In competition with commercial map makers, the railrad companies published maps showing the route taken by their own lines, while usually excluding the routes of their competitors. These route maps tended to grow out of maps originally issued as promotional devices to sell railroad stock. For example, the first map of the Michigan Central, which is shown here, was issued in 1855 as part of the annual report to stockholders and was clearly meant to impress upon the lines investors the wisdom of owning MCRR stock rather than attract new passengers to the line.

Like maps designed to lure investors, early railroad route maps often displayed proposed routes rather than track actually laid. Although in many cases these early railroad maps give an accurate portrayal of what was to come, company publications, as well as information given by railroad companies to commercial map makers such as Farmer, were as much promotional brochures as true maps. For example, two maps appeared in 1857 noting proposed rail routes to Mackinaw City, twenty-four years before the paying customer could actually ride over the track. Similarly the Flint & Pere Marquette's first map, issued in 1864, showed a route to Ludington that took ten years to actually construct.

By the late nineteenth century information about railroad routes was readily available to the public. Both from commercial maps and through company-issued route maps the public could learn how to make their "connection."


 Automobile & Tourist Maps

cover, Standard Oil Company map

If transportation maps of the nineteenth century Michigan were synonymous with railroad routes, in the twentieth century maps documenting transportation routes increasingly meant highway maps. The appearance of the automobile in twentieth century Michigan revolutionized the status of roadways. In 1900 approximately eight thousand automobiles existed in the United States, or about one car for every 9,500 individuals. By 1910 there was one car for every 210 indiviudals, nad by 1920 the ratio had declined to a car for every thirteen Americans. By 1930 a car existed for every five Americans; almost thirty million vehicles were being driven in the United States. This astonishing increase in the number of cars created tremendous public demand for good roads on which to drive.

The Federal Highways act of 1921 established and funded America's first interconnected network of highways. The law authorized each state to designate up to seven percent of its roads as "primary." The federal government pledged to match, dollar for dollar, expenditures made to improve these primary roads. The intent of the 1921 law was to finance a network of approximately 200,000 miles of paved roads that would serve every city in America with more than 50,000 residents.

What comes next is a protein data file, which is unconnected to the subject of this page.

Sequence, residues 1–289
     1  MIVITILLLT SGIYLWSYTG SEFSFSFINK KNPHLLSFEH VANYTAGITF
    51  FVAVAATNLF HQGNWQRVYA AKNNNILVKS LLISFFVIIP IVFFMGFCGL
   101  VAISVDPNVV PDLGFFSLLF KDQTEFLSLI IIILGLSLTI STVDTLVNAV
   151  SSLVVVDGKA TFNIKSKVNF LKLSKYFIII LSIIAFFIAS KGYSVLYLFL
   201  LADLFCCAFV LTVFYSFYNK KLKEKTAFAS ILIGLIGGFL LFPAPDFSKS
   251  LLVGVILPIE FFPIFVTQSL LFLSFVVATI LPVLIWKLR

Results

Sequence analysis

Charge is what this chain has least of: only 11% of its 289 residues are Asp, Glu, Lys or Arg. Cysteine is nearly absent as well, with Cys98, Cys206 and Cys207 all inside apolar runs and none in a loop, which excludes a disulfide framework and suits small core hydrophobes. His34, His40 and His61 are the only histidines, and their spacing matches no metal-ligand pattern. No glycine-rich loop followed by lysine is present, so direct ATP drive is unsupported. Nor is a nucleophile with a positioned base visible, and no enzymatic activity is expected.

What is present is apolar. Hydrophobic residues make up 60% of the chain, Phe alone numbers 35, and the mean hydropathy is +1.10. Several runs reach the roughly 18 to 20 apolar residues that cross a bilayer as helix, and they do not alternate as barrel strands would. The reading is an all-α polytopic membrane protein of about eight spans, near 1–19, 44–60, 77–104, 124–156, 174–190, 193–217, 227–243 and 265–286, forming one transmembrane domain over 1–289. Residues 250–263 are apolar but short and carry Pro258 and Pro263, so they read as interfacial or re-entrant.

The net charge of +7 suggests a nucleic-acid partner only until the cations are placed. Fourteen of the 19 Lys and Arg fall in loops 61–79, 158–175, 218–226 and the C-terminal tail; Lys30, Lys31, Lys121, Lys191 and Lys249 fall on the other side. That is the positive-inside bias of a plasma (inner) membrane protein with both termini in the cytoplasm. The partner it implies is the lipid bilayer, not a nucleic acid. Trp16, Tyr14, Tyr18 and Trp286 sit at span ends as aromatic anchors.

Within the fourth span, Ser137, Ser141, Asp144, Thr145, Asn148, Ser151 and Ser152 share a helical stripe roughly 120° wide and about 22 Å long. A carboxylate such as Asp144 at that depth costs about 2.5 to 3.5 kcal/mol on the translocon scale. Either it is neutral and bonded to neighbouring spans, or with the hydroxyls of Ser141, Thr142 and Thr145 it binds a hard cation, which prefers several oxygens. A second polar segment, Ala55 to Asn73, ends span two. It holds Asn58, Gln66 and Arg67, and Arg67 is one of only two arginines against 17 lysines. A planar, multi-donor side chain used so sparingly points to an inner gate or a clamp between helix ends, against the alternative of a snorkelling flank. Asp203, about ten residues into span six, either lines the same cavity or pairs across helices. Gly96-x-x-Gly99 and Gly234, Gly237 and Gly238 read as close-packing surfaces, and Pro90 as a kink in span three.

The automotive public not only demanded new roads but very quickly also began to ask for new maps that delineated paved highways. Among the most distinctive type of map to emerge to meet this demand was the gas station promotional map. For generations, motorists assumed that a road map was their's for the asking with every fill-up. Gas station maps included not only highway information but also advertisements, the most common of which was to place on the map the location of the company's service stations. A typical example appears above, with paved roads denoted by solid red lines, "improved" gravel roads noted with dotted red lines, other roads noted in blue and the Blue "S" showing communities with Standard gas stations.

Grand Rapids and Indiana advertisement, 1884 The idea of using maps to directly advertise commercial activities spread quickly. As highways were constructed it seemed that every tourist attraction in Michigan had issued a map denoting how all roads led invariably to it. Although tourist maps proliferated with the coming of the automobile, the concepts of linking maps and tourism was pioneered by the railroads. Among the first lines in the state to create this linkage was the Grand Rapids & Indiana, which in the 1880's dubbed itself the "Fishing Line." In a series of ever more elaborate publications, as typified by the 1884 publication reproduced here, the GR & I extolled the many tourist attractions along its Lake Michigan track, with an emphasis on sporting activities. Other railroads copied the GR & I and laid the groundwork for the far more common automotive tourist maps of the twentieth century.

Since their invention in the nineteenth century, transportation maps have become a commonplace tool used in getting from here to there. Over the years, however, these maps have evolved and often become linked with various commercial enterprises, spawning a distinct genre of tourist literature.